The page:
Advertisement

Psychopharmacology

, Volume 98, Issue 2, pp 176–182 | Cite as

Inhibition of brain dopa-decarboxylase by RO 4-4602 infused ICV blocks alcohol drinking induced in rats by cyanamide

  • F. J. Miñano
  • R. D. Myers
Original Investigations

Abstract

Following the stereotaxic implantation of chronic cannulae for intracerebroventricular (ICV) infusion, rats were given an alcohol preference test to establish their preferred concentration in comparison with water. After alcohol was removed, 15 mg/kg cyanamide was then injected subcutaneously for 4 days in order to maximize volitional intake of single solutions of alcohol, which in these animals ranged from 7 to 15%. The l-dopa-decarboxylase inhibitor benserazide (Ro 4-4602) injected subcutaneously twice daily in doses of 50–100 mg/kg failed to alter the rats' alcohol consumption either in terms of g/kg or proportional values. However, when given ICV twice daily in concentrations of 10 ng–2.0 μg per 5.0 μl volume, benserazide attenuated the rats' alcohol drinking significantly. This reduction occurred in a dose-dependent manner in terms of both absolute and proportional intakes of alcohol. Pre-treatment of the animals with 1.0 μg benserazide given ICV, when alcohol was removed from the test situation, did not abolish the subsequent ingestion of alcohol but its peripheral administration (50 mg/kg) enhanced drinking. These results suggest that the interference with the metabolic pathway of dopamine or serotonin synthesis, possibly through the mechanism of reduced formation of aldehyde adducts in the brain, markedly alters the pattern of voluntary drinking in the rat. Alternatively, benserazide could act by its central inhibition of aldehyde dehydrogenase, which in turn would concomitantly elevate levels of acetaldehyde and thereby reduce alcohol drinking.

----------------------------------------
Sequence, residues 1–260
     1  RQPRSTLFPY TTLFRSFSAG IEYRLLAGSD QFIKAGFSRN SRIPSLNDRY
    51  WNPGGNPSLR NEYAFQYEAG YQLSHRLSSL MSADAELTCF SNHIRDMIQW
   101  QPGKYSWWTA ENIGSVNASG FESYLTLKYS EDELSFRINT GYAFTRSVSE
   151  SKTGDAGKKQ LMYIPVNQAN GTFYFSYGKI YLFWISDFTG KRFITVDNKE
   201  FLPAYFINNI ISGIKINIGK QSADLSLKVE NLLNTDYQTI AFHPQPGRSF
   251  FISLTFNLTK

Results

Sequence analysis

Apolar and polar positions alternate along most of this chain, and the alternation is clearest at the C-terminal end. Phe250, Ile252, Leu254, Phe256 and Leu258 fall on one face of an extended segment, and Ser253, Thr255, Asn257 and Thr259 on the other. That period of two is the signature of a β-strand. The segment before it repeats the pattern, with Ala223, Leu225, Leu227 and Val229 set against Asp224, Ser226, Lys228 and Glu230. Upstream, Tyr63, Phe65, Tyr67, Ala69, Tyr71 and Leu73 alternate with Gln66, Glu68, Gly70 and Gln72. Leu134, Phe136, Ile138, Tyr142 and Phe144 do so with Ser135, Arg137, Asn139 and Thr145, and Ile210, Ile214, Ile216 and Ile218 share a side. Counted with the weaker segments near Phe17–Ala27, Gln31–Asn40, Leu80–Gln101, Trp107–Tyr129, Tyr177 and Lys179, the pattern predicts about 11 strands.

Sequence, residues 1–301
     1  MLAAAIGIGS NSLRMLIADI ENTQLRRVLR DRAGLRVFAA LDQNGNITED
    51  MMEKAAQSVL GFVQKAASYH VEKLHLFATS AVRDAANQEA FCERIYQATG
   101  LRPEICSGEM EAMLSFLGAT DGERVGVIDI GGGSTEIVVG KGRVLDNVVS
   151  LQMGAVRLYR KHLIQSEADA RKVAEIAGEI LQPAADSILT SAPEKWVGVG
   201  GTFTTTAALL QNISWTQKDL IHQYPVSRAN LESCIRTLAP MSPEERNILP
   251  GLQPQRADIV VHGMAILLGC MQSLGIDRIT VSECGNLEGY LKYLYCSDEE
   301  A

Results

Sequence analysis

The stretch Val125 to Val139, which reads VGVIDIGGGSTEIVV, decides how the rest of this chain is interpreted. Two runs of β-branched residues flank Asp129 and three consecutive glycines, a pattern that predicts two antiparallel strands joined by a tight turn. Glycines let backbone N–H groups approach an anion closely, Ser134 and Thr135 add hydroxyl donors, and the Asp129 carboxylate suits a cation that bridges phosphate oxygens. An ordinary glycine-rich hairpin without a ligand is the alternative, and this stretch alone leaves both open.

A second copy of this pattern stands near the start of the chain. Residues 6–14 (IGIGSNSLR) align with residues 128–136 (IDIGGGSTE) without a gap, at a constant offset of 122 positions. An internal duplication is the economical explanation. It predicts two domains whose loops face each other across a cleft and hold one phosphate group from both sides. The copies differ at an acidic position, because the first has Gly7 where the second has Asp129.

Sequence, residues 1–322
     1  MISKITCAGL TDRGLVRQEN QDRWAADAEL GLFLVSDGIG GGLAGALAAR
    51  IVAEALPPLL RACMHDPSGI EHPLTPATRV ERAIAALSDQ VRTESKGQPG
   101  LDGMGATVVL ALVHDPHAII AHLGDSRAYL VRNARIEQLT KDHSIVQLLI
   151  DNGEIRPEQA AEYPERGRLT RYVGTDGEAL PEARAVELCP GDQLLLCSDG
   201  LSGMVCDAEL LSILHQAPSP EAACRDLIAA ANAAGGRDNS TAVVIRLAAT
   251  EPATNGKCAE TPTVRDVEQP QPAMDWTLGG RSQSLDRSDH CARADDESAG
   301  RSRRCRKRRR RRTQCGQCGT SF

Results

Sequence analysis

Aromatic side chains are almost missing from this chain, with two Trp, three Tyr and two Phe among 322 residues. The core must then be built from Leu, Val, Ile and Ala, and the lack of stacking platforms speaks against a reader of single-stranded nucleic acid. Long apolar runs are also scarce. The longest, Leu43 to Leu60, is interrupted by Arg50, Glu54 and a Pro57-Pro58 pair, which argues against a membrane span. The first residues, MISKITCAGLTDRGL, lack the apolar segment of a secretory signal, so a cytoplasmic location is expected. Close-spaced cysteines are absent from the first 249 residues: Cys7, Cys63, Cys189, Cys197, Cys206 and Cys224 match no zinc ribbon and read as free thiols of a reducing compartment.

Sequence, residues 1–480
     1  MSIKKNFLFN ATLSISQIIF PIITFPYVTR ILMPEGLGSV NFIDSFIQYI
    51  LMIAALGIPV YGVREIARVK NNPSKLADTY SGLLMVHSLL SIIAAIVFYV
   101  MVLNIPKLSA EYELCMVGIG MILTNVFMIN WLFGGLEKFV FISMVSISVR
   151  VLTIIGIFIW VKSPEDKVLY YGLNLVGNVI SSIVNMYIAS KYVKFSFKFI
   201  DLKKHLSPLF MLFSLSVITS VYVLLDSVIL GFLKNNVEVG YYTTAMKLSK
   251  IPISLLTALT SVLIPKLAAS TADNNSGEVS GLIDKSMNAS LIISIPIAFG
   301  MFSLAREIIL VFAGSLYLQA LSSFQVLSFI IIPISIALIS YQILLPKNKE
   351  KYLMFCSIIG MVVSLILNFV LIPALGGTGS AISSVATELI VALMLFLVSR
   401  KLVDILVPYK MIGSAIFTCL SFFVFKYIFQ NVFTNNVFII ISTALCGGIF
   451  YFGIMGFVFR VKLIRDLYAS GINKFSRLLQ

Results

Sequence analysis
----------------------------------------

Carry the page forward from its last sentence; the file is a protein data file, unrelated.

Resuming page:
Key words

Alcohol Drinking Ro 4-4602 Benserazide Brain l-dopa Cerebral ventricle Dopa-decarboxylase inhibition Ethanol CNS 

Preview

Unable to display preview. Download preview PDF.

Unable to display preview. Download preview PDF.

References

  1. Balldin J, Alling C, Gottfries CG, Lindstedt G, Langstrom G (1985) Changes in dopamine receptor sensitivity in humans after heavy alcohol intake. Psychopharmacology 86:142–146Google Scholar
  2. Bartholini G, Pletscher A (1969) Effect of various decarboxylase inhibitors on the cerebral metabolism of dihydroxyphenylalanine. J Pharm Pharmacol 21:323–324Google Scholar
  3. Bartholini G, Pletscher A (1975) Decarboxylase inhibitors. Pharmacol Ther 1 (3):407–421Google Scholar